The Russian weapons programmes we should pay attention to
By Anthony Endresen, associate aerospace and defence analyst at GlobalData
Much of the news regarding Russian weapons programmes in terms of development, procurement and deployment has centred on flagship weapons with more than a hint of the political in the motivations for press on the topic. Meanwhile a number of key developments that will be fundamental to combat performance have gone under-reported and understated.
With the maturation of Russia’s Gerasimov doctrine of ‘limited actions’ and independent aerospace pockets of deployment, as seen in Syria, for example, critical tools for this policy have been getting funding. With the Russian Airforce (VVS) increasingly active, much attention has been given to the development of platforms such as the PAK-FA/Su-57, and strategic munitions such as Kh-47M2 Kinzhal.
The weapons likely to have the greatest influence on combat performance, capabilities of deployed forces, and force postures and behaviours on the ground are, however, somewhat different. Less headline-grabbing is Russia’s major contract for the R-77-1 medium-range air-to-air missile, likely for several thousand missiles.
In the aerial shadow-boxing and air policing that has been a hallmark of recent Russian deployments, including the aircraft-loss incidents involving Turkey and Israel, the medium-range air-to-air munition with the active seeker rather than earlier incarnations would have been the primary load for deterrent VVS flights. In broader terms, the VVS loadouts being modernised is likely to allow deployed forces to be more aggressive, less reliant on ground-based air defence for protection, and will force opponents to operate from a greater range.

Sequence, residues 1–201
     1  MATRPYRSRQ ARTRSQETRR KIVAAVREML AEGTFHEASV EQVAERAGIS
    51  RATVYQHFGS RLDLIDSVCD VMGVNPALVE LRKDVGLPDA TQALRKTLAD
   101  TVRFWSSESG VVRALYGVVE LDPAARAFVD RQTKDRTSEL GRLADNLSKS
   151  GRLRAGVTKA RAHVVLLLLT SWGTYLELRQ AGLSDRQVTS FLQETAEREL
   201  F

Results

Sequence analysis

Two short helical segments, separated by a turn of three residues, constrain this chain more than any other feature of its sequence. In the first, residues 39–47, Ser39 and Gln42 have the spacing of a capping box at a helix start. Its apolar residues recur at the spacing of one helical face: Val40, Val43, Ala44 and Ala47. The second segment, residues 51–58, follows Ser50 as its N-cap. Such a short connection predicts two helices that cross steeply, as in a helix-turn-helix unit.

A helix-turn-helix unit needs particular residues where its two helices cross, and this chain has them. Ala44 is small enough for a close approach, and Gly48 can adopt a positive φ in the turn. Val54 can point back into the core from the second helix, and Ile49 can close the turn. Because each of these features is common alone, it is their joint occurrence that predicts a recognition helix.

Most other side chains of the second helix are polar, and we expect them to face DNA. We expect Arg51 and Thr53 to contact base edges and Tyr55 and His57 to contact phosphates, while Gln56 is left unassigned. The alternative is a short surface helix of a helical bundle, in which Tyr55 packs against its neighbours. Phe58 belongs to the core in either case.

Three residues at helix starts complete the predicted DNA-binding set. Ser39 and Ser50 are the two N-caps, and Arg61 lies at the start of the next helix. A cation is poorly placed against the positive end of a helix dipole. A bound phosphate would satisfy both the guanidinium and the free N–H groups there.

Looking at the pattern of deployments in Syria, for example, we see that it is likely the weapons that will actually enhance Russian posture and options are going to be localised capabilities that will inform Russian force behaviours as well as adversary behaviours.
In the case of the VVS aircraft shot down by Turkey, it is conceivable the Russian posture was informed by the limited numbers of medium-range air-to-air missiles then available in theatre. Su-35s carrying full loadouts of active-seeker R-77-1s operating out of Khmeimim might see more cautious Turkish activity relating to the VVS, than carrying of semi-active R-27 missiles for top-cover roles.
Complementing the R-77-1 will be the long-range R-37M (NATO codename Axehead) with both active and semi-active seekers, as well as the R-77-1 variant (known as Izdeliye 180) being tested for internal-carry on signature-managed platforms such as the PAK-FA/Su-57 and the Hunter/Okhotnik UCAV. Clearly the calculus here is to give the day-to-day platforms more capable teeth, given the strategic weapons announcements have little impact on the ground in real deployments.
As much as the major announcements of ‘revolutionary’ systems such as Burevestnik, Poseidon, and Kinzhal grab the headlines, it is likely these evolutionary advances being deployed will be the real influencers of deployment behaviour changes, as well the necessary western responses.
Given the economic climate, Russia will certainly be exporting variants, and thus they will be encountered beyond Russian deployments, which themselves are increasing. Some of these programmes that are nominally upgrades should really be getting more attention, as this is where the real influencers of the market and technology are to be found in the coming years. Whilst the air-to-air domain has been the focus here, this actually applies across the domains.
For more defence industry comment and analysis, visit GlobalData’s Aerospace, Defense & Security Intelligence Centre.
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